Our first job of the day was to shovel the Ogden Boat Ramp – by hand! The river has dropped, so often the communities have not had a chance to clean it. We try to always carry a shovel for this reason and thankfully we had one and blazed a path through the deep and thick muck. We shoved off with plans to get a hot tub just downstream of the Ogden ramp and we were hoping it was still there. And…yes, it was. And it was encased in mud and even had grass growing around it. We found an eddy on the backside to steady our boats and went to work with a chainsaw. We were able to remove about half of the hot tub and the rest will have to wait until the river drops significantly, but we will be back for it! We had made last minute arrangements with a Game Warden that we’ve worked with before to come and help us get all of the trash off the river, so we stacked all of the debris on a sandbar to wait for our return the next day.

Empty septic tank on an island in the river.

We headed on to our sandbar for our overnight stay, with plans to get what we really coveted to get off the river – a septic tank that has been on an island for the better part of 2 years. When we arrived at our sandbar for the night, there we found a water heater and some tire rims, so all of us together used our tie down straps to make a sling so that we could carry the water heater to the water’s edge and make sure it would be easy for the Game Warden to retrieve.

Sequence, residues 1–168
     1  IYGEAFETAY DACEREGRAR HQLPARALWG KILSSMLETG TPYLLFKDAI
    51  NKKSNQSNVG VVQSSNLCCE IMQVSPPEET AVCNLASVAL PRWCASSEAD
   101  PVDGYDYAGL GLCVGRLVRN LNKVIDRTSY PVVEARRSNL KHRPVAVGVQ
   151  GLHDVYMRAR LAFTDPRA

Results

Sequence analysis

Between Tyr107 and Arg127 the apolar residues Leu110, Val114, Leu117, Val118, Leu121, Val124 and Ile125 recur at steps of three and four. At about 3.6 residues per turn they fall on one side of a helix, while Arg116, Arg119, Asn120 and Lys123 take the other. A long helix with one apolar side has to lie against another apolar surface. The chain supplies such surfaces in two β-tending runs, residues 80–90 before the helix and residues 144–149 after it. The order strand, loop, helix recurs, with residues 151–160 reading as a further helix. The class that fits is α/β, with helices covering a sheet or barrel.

More items found on our sandbar for the night!

We enjoyed one of those spectacular Kaw evenings on the sandbar. We had a fire, friendship, and we laughed at stories from the KAW 173. One of our many jokes is that if there is a chance that rain will find us, it will! And we could not believe that with a zero percent chance of rain, we woke at 6:00 AM to the sound of thunder! Ahh….we are so use to it, that we got up and made coffee and then hunkered back down in our tents to let it pass. We had big plans ahead for the septic tank but we were in no hurry. We were getting that septic tank!